8. Richter von Manthofen Gnome Fighter Ace

    Joined:
    Mar 30, 2012
    Location:
    Österreich
    new reader - I hope this thred will have many Sailors shouting "San Marco" ;)
     
  9. Franciscus Caesar Caesar of Greater Toronto

    Joined:
    Jun 19, 2009
    Location:
    Toronto
    Prologue: New Arrivals

    July: As part of the Inquisition, the new state of Spain expels its Jewish and Muslim populations. In response, the Ottoman Empire is declared by Sultan Bayezid II to be a safe haven for the expelled populations, sending his navy to Spain in order to ensure safe passage of these people to Ottoman lands. The Doge of Venice, Agostino Barbarigo, takes note of the Ottoman response. Venice and the Ottoman Empire share an amicable relationship, and Barbarigo knows Bayezid to be an intelligent, shrewd leader, who calculates things carefully. Rumors reach Venice of Bayezid declaring that by letting these people go, the Spanish King Ferdinand “impoverished his own country and enriched mine!” The Doge wishes to maintain strong relations with the Mediterranean superpower, mostly out of fear that its lands in Morea may be at risk in the future. Nonetheless, he tends to share Bayezid’s sentiment, especially towards the Jews. Taking this into consideration, combined with Venice’s position as a more secular nation and a Pope whose sympathies are on Venice’s side, Barbarigo extends an invitation to the exiled Spanish that Venice will give them refuge, as is her Christian duty.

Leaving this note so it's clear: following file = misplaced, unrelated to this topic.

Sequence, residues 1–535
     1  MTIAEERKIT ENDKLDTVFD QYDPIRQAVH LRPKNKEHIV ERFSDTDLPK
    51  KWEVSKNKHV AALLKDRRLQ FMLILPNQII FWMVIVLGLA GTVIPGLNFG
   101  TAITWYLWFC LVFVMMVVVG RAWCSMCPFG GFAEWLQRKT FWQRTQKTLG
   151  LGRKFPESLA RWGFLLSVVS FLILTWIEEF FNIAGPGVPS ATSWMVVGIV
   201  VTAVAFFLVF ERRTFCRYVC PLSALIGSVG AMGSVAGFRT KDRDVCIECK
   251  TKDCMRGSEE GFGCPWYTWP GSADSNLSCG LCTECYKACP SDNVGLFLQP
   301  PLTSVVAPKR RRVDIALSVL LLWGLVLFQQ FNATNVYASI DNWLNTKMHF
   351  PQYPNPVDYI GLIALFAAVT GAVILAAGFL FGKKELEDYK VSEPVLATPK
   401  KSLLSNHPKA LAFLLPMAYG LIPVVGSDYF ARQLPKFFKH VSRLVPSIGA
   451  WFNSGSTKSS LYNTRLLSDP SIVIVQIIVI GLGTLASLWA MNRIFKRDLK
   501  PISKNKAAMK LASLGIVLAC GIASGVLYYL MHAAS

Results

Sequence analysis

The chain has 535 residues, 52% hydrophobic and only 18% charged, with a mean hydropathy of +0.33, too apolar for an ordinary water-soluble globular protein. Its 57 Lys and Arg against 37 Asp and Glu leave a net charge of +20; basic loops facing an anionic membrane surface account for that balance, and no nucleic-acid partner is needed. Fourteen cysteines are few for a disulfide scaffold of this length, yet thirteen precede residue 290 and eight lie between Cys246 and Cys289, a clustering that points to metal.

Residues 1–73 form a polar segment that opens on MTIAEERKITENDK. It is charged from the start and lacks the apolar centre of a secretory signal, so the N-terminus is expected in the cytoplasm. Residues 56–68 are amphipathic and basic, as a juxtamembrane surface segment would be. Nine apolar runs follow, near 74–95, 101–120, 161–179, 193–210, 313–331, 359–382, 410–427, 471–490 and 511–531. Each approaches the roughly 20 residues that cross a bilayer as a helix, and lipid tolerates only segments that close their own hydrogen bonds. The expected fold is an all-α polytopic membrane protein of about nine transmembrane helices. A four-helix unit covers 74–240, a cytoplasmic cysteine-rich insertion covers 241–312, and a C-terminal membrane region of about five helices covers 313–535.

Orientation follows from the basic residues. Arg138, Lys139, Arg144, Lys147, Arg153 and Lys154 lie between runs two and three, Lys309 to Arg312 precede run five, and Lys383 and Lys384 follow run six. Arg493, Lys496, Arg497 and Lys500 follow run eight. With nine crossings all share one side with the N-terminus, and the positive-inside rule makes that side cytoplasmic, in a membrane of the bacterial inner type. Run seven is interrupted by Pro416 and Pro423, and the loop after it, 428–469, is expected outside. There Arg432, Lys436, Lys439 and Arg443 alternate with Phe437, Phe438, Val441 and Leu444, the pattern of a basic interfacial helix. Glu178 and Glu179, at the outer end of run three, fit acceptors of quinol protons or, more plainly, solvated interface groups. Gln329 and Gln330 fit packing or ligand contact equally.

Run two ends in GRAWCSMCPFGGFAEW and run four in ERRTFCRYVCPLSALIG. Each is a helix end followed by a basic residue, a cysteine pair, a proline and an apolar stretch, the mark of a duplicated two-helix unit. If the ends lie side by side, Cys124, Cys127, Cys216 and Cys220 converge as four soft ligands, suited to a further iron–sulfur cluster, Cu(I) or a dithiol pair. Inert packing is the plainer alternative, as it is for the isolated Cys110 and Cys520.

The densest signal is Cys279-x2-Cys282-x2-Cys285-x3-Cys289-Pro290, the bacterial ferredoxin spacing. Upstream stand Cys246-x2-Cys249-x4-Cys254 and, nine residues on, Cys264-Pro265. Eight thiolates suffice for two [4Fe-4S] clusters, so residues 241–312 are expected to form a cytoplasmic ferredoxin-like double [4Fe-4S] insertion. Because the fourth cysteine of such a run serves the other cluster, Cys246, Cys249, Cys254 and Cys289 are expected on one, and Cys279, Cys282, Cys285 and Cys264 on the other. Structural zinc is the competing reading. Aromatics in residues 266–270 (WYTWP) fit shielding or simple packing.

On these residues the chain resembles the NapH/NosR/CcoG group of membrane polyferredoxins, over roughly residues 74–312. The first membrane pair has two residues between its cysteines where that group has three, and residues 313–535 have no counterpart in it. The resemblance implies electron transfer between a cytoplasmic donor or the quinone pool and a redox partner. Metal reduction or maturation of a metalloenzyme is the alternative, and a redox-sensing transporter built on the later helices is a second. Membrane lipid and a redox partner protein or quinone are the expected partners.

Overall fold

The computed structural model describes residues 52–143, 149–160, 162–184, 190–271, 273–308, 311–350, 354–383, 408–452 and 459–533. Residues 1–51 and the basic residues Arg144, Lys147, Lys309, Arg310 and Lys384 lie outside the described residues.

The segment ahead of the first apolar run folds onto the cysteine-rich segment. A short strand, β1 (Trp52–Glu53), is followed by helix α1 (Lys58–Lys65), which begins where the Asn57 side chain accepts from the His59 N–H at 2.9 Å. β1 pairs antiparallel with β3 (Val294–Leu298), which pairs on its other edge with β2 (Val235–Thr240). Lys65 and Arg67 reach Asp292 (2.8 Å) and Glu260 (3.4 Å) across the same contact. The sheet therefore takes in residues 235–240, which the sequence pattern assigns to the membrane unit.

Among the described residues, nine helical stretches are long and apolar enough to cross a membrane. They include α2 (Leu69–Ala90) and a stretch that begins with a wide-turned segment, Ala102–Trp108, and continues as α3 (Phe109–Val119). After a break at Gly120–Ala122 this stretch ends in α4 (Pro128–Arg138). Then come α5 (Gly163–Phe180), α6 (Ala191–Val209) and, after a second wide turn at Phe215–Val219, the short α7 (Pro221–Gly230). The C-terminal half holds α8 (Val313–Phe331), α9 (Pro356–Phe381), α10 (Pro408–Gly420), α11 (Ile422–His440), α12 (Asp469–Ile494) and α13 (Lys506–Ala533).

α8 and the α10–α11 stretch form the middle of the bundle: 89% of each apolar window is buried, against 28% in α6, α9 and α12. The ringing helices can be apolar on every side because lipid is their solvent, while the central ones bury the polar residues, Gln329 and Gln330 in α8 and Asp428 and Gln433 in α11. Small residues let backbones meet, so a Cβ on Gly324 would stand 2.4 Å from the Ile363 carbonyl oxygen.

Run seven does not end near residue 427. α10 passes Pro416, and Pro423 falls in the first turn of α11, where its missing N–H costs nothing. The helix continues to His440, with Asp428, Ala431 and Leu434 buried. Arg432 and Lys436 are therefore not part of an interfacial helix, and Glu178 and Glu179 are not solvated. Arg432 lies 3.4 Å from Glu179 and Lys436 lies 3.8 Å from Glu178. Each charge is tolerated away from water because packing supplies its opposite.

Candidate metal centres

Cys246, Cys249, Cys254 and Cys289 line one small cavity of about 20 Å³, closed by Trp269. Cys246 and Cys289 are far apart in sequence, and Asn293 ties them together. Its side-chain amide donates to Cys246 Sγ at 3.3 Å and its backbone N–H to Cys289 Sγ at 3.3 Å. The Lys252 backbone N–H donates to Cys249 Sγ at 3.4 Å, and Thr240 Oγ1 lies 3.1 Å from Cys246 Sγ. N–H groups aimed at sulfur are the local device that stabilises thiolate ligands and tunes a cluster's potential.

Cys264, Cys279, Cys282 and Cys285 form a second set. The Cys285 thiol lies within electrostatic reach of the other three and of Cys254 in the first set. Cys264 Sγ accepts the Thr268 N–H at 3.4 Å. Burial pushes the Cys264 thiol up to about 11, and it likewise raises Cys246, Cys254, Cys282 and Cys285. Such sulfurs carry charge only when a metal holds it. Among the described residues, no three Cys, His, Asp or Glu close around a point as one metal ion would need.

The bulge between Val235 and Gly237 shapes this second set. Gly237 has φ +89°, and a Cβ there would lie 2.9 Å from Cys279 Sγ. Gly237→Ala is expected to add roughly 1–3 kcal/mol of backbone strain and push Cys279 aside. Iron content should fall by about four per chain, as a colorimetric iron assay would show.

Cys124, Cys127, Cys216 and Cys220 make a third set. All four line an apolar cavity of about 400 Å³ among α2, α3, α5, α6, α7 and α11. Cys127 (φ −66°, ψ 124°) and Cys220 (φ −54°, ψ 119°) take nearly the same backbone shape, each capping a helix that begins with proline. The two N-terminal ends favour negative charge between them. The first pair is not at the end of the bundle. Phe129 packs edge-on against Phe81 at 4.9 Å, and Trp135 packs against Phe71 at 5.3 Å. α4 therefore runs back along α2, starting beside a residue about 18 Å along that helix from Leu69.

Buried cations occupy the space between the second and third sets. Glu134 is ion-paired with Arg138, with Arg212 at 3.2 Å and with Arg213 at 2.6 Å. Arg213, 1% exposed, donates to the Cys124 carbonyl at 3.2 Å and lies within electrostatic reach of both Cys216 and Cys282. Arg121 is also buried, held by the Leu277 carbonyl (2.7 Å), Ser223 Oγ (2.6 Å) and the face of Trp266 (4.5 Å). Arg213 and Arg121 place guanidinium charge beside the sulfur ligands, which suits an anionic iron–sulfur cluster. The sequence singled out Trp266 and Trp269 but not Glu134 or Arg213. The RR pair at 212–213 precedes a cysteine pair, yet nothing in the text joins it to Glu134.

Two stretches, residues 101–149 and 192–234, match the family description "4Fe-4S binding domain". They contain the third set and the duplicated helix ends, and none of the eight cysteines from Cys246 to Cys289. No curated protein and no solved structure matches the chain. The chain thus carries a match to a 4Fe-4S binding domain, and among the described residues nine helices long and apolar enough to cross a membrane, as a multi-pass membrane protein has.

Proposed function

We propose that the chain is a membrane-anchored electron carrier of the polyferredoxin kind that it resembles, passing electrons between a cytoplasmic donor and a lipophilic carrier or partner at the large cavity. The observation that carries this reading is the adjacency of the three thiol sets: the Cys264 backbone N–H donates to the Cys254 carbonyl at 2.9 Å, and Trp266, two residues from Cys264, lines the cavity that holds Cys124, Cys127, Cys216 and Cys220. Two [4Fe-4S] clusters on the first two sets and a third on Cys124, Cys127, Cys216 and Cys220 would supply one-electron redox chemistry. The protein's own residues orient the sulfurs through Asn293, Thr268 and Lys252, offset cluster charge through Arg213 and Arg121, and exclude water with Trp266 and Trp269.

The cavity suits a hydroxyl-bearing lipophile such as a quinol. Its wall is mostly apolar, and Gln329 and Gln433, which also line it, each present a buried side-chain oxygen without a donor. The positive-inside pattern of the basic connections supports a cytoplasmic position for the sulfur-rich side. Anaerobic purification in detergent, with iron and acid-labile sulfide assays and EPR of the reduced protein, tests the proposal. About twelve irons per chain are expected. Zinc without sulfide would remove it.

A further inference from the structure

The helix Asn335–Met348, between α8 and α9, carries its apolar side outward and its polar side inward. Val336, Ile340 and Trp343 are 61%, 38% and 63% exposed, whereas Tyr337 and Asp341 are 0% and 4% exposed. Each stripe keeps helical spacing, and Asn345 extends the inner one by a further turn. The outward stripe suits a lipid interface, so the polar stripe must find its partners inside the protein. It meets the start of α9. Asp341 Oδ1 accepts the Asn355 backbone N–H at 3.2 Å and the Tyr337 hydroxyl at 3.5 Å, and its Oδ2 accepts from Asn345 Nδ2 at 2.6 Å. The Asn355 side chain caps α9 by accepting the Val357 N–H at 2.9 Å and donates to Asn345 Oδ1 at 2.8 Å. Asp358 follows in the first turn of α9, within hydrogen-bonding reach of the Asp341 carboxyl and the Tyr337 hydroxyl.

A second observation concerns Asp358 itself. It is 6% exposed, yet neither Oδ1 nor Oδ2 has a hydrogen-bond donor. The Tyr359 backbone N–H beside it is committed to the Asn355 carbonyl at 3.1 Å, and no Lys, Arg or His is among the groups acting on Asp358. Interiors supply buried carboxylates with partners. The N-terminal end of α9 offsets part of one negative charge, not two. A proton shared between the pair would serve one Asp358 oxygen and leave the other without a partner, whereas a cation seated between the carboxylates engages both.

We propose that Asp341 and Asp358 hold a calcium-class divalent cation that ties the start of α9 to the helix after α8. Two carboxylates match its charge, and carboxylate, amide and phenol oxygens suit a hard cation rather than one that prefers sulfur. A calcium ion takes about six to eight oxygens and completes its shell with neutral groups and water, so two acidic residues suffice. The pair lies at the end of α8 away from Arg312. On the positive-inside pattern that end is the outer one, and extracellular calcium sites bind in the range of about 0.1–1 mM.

August: Jewish and Muslim populations make their exodus out of Spain. The majority head to the Ottoman Empire thanks to the ease of getting there on Ottoman ships. However, many of those who desire to stay in Europe head to Venice, their numbers estimated at 16,000.